Growth in Kabuki Syndrome

Since the first large case series of individuals with Kabuki syndrome was published, it has been apparent that postnatal growth deficiency is common. In this series of 62 patients with Kabuki syndrome (primarily Japanese), growth parameters were noted to be normal at birth with growth deficiency occurring during the first year of life and becoming more marked with increasing age such that 83% of patients had evidence of growth deficiency (Niikawa N et al., 1988). Postnatal growth deficiency has been found in other large case series of individuals with Kabuki syndrome of different ethnic backgrounds ranging from 35% (Armstrong L et al., 2005), 61% (Kawame H et al., 1999), to 71% (Schrander-Stumpel et al., 2005). Mean final adult height for Japanese patients has been reported to be -2.3 standard deviations (Niikawa N et al., 1988).

There have been scattered reports of individuals with Kabuki syndrome who were diagnosed with growth hormone deficiency (Niikawa et al., 1988; Devriendt K at al., 1995; Kawame H et al., 1999; Gabrielli O et al., 2002; Armstrong L et al., 2005; Schrander-Stumper C et al., 2005). Efficacy of this therapy, however, has been variable with a “good response” to growth hormone described in one 9 year old boy treated for four years (Gabrielli et al, 2002), an increase in growth velocity in one 3 ½ year old girl treated for 6 months, to “no change in linear rate of growth” in another patient treated from 11 to 12 ½ years of age (Kawame H et al., 1999).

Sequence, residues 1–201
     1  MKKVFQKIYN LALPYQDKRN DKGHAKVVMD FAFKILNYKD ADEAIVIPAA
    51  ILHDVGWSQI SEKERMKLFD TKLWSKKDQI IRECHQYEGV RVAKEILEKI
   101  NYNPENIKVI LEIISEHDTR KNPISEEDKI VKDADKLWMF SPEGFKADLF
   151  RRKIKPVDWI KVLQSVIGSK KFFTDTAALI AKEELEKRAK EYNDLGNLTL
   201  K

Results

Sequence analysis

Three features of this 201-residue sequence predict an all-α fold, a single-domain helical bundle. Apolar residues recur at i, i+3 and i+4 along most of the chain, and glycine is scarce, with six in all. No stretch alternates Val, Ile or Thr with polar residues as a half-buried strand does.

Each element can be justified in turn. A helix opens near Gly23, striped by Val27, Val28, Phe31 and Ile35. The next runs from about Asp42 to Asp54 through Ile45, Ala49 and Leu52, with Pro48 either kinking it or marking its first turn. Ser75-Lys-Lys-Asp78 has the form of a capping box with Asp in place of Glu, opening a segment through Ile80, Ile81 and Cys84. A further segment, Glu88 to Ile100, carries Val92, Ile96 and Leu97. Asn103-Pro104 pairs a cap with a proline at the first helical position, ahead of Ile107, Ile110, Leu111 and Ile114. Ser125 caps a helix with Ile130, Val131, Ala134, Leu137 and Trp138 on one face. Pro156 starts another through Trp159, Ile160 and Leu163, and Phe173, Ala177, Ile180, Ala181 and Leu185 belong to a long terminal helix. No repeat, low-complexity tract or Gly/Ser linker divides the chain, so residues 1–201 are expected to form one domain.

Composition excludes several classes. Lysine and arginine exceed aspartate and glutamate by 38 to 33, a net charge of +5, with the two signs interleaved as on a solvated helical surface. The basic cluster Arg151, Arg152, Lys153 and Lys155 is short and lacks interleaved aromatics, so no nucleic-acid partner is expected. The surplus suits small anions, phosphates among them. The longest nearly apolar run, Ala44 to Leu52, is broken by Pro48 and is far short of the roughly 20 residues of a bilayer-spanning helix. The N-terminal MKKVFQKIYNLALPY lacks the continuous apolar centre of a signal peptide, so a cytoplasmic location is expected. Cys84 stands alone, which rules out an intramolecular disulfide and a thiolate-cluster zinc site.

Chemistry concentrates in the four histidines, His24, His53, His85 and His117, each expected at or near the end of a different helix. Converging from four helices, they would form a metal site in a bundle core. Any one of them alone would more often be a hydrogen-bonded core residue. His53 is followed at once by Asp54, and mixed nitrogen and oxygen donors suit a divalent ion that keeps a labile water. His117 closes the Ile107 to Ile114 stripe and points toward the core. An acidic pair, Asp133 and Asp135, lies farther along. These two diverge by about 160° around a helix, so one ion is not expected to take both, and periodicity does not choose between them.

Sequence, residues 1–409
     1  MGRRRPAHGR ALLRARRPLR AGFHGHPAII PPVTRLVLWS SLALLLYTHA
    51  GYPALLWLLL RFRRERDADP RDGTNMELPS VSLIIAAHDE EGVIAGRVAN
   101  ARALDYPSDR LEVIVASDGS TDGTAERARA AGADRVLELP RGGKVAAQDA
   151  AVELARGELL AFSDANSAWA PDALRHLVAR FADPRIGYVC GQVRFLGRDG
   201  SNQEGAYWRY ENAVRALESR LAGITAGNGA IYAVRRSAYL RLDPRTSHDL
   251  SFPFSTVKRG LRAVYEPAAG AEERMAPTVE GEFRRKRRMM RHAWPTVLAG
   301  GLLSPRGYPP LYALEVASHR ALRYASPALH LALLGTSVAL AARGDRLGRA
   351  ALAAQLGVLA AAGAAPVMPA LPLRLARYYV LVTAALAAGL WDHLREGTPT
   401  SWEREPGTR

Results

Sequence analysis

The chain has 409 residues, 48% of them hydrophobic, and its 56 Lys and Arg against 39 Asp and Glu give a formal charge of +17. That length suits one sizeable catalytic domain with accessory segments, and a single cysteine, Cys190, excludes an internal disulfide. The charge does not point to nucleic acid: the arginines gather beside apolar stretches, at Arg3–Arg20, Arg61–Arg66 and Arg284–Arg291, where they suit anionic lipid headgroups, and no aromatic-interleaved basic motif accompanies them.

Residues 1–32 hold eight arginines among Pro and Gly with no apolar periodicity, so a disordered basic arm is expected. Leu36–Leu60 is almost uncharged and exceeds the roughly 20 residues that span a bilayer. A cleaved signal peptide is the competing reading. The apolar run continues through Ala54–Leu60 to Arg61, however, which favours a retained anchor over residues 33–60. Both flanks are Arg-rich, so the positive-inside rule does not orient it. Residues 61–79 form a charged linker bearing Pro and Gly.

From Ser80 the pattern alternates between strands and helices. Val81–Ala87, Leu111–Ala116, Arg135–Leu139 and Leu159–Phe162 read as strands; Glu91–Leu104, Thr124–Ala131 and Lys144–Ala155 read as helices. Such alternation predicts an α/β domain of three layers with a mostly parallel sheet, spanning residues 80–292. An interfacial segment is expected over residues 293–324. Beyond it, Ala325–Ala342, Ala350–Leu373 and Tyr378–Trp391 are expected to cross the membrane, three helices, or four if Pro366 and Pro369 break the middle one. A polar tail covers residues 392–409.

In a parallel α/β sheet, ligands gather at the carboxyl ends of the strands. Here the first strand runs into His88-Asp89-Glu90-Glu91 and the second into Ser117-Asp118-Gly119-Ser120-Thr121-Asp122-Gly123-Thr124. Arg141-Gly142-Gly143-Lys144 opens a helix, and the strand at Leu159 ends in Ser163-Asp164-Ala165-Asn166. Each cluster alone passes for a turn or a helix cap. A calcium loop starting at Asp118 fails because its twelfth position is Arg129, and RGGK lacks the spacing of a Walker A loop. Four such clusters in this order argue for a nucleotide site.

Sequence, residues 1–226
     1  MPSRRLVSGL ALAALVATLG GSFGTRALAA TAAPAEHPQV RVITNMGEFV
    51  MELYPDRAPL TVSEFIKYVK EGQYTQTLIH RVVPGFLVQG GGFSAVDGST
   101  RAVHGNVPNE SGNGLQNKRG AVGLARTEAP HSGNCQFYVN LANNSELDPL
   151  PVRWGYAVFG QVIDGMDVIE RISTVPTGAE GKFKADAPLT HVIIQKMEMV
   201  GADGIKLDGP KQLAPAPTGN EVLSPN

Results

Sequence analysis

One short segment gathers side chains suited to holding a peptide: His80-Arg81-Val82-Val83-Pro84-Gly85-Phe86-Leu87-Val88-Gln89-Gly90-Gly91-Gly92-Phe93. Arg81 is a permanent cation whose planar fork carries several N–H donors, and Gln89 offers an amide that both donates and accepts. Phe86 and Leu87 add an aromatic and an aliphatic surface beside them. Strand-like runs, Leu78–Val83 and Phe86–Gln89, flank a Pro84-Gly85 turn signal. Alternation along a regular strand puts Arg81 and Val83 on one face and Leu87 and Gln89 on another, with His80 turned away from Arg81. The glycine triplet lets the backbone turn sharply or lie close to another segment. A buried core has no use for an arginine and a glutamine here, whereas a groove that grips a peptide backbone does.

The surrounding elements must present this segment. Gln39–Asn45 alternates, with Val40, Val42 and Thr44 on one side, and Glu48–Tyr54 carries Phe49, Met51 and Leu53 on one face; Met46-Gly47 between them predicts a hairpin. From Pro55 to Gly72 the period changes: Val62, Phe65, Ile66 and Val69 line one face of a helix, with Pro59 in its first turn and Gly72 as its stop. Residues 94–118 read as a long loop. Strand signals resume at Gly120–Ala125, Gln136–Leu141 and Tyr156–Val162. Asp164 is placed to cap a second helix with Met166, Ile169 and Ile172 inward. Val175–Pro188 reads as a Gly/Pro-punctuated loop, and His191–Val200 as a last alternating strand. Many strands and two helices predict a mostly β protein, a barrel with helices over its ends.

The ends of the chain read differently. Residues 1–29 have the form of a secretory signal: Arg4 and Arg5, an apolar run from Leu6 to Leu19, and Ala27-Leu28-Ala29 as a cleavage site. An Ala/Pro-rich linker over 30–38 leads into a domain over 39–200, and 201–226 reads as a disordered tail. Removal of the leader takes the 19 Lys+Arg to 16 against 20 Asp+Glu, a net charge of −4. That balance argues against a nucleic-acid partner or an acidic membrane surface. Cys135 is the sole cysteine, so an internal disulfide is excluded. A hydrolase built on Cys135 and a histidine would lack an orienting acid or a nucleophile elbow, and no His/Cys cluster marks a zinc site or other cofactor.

Treatment with human growth hormone is generally thought to be safe. However, it must be administered daily as an injection which raises the issue of cost-benefit ratio.

While growth hormone therapy is clearly indicated in individuals with documented growth hormone deficiency, its use in non-growth hormone deficient children is more controversial. As reviewed in a recent publication, most children treated with growth hormone will exhibit short term benefit, that is an increase in growth velocity, and final adult height will be increased in some (Collett-Solberg PF, 2011). However, large numbers of patients, including those with Kabuki syndrome, would need to be studied to assess the economic, social and psychological costs versus the benefit of gain in stature.

In summary, while postnatal growth deficiency is common, growth hormone deficiency does not appear to be a common feature of Kabuki syndrome. A reasonable approach would be to recommend a pediatric endocrinology evaluation for those individuals with Kabuki syndrome who exhibit short stature and poor growth velocity. The pediatric endocrinologist can then discuss the risks versus the benefits of a trial of growth hormone therapy with the family.

References

Armstrong L et al. (2005) Further delineation of Kabuki syndrome in 48 well-defined new individuals. Am J Med Genet 132A:265-272.

Collett-Solberg PF. (2011) Update in growth hormone therapy of children. J Clin Endocrinol Metab 96:573-579.

Gabrielli O et al. (2002) Kebuki syndrome and growth hormone deficiency: Description of a case treated by long-term hormone replacement. Clin Dysmorphol 11:71-72.

Devriendt K et al. (1995) Growth hormone deficiency and premature thelarchei in a female infant with Kabuki makeup syndrome. Horm Res 43:303-306.

Kawame H et al. (1999) Phenotypic spectrum and management issues in Kabuki syndrome. J Pediatr 134:480-5.

Niikawa N. et al. (1988) Kabuki make-up (Niikawa-Kuroki) syndrome: A study of 62 patients. Am J Med Genet 31:565-589.

Schrander-Stumpel C et al. (2005) Kabuki syndrome: Clinical data in 20 patients, literature review, and further guidelines for preventative management. Am J Med Genet 132A:234-243.